Articles on Preexposure Prophylaxis; Article on HIV Vaccine Research
- "Promote HIV Chemoprophylaxis Research, Don't Prevent It," Science: Robert Grant of the University of California-San Francisco and colleagues write that using antiretroviral drugs as preexposure prophylaxis to prevent HIV infection "is a promising new approach," but clinical trials testing the method "have become controversial." The authors conclude that "a balance must be struck between the necessity to conduct trials to very high standards and the need to find ways to prevent the spread of HIV infection" (Grant et al., Science, 9/30).
- "The Abandoned Trials of Pre-Exposure Prophylaxis for HIV: What Went Wrong?" PLoS Medicine: Jerome Singh of the University of KwaZulu-Natal in Durban, South Africa, and Edward Mills of University of Oxford in England examine how opposition to clinical trials of the oral antiretroviral drug tenofovir as a preexposure prophylaxis in high-risk populations could hamper the development of "promising, novel intervention" to HIV/AIDS. "Stakeholders must rise above ideological differences and keep their eye on the ultimate goal: combating AIDS," the authors say (Singh/Mills, PLoS Medicine, September 2005).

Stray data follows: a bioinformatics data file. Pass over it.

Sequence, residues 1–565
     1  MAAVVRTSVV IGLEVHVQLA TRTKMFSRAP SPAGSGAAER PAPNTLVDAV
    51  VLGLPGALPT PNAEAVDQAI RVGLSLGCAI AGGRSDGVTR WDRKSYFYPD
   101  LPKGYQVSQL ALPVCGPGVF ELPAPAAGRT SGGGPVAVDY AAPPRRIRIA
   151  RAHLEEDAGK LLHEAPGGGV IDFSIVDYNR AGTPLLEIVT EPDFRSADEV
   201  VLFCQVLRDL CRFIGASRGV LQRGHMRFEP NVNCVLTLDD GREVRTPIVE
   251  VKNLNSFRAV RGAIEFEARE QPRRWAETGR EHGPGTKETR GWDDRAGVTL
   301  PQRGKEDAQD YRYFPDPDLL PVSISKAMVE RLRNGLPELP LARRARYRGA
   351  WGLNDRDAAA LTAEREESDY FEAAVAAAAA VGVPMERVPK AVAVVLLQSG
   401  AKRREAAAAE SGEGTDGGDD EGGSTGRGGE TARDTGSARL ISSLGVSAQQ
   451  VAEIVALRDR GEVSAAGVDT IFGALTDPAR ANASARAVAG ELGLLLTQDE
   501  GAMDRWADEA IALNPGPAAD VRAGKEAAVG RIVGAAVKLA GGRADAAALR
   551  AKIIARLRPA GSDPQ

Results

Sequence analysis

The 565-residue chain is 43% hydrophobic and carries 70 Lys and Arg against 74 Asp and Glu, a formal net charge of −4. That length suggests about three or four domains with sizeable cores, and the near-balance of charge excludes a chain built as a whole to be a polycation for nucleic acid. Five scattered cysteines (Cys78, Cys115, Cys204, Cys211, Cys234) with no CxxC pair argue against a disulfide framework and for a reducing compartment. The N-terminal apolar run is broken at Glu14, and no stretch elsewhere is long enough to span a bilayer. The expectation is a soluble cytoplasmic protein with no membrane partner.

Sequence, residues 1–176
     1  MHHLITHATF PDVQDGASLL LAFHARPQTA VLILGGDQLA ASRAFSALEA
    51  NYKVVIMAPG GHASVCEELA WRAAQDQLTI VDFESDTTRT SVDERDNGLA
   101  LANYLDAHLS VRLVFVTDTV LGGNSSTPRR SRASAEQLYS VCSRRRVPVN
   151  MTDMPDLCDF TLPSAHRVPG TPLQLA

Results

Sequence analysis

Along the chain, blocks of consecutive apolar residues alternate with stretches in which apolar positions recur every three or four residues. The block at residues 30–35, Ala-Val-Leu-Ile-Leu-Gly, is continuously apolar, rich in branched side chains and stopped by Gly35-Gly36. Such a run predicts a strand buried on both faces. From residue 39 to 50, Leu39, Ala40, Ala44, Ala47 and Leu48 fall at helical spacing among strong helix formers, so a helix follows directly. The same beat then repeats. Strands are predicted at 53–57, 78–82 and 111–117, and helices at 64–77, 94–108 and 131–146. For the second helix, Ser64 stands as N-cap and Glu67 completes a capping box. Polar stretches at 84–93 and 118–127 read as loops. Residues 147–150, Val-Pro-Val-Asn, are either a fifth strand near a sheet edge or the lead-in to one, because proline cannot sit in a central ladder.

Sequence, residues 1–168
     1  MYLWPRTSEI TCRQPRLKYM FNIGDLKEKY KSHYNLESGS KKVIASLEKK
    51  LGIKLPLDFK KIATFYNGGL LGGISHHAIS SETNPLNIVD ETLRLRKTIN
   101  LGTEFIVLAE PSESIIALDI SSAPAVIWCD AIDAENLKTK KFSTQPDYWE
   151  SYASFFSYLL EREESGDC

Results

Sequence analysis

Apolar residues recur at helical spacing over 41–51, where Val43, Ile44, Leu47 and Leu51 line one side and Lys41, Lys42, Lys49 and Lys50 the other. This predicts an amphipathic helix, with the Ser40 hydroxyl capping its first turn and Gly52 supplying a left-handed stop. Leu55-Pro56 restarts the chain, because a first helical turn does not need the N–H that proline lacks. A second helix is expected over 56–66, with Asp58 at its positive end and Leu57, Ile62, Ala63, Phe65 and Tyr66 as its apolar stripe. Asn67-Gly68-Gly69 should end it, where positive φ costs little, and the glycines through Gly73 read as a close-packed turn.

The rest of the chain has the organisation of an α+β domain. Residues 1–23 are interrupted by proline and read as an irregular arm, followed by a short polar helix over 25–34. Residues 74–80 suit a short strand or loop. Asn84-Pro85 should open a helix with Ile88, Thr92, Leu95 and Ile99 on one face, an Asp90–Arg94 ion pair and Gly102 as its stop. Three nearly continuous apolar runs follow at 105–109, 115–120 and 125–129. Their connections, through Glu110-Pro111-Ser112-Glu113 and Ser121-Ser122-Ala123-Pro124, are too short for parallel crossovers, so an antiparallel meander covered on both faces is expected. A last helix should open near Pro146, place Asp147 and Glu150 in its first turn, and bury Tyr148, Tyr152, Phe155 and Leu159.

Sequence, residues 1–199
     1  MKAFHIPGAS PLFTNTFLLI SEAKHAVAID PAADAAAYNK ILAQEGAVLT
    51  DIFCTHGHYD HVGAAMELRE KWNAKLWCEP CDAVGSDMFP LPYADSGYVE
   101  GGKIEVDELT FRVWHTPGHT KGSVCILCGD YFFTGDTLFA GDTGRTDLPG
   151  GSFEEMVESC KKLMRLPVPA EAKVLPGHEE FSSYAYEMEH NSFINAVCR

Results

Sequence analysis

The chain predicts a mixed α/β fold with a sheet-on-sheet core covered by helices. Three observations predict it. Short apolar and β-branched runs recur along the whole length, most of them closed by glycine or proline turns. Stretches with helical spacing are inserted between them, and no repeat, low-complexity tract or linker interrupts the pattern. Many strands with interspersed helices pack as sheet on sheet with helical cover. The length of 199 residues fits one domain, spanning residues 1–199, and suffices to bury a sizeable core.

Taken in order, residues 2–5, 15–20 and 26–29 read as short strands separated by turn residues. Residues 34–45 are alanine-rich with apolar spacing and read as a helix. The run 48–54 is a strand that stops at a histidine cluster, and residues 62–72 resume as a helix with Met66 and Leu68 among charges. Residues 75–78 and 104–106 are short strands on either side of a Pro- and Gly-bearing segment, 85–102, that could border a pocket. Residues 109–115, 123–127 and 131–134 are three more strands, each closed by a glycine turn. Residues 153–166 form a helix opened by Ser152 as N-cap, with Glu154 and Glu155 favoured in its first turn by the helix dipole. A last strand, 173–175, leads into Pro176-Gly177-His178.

- "We Must Not Let Protesters Derail Trials of Pre-Exposure Prophylaxis for HIV," PLoS Medicine: Joep Lange of the University of Amsterdam in the Netherlands writes in response to Singh and Mills, saying that the authors "could have gone further in their criticism of the protestrrs who derailed the tenofovir trials and in their support for the trial investigators and sponsors." Lange continues, "Those who will suffer the most from the misguided ethical imperialism that derailed the PREP trials do not live in Paris, but as usual in Nairobi, Johannesburg, Phnom Penh and Calcutta" (Lange, PLoS Medicine, September 2005).
- "The end or the beginning of the drive to an HIV-preventative vaccine: a view from over 20 years," Lancet: Robert Gallo of the Institute of Human Virology in Baltimore outlines seven scientific obstacles that he says are preventing the development of an effective HIV vaccine. He concludes that "it is not time to give up on HIV vaccines but to change the way we pursue them" (Gallo, Lancet, 9/28).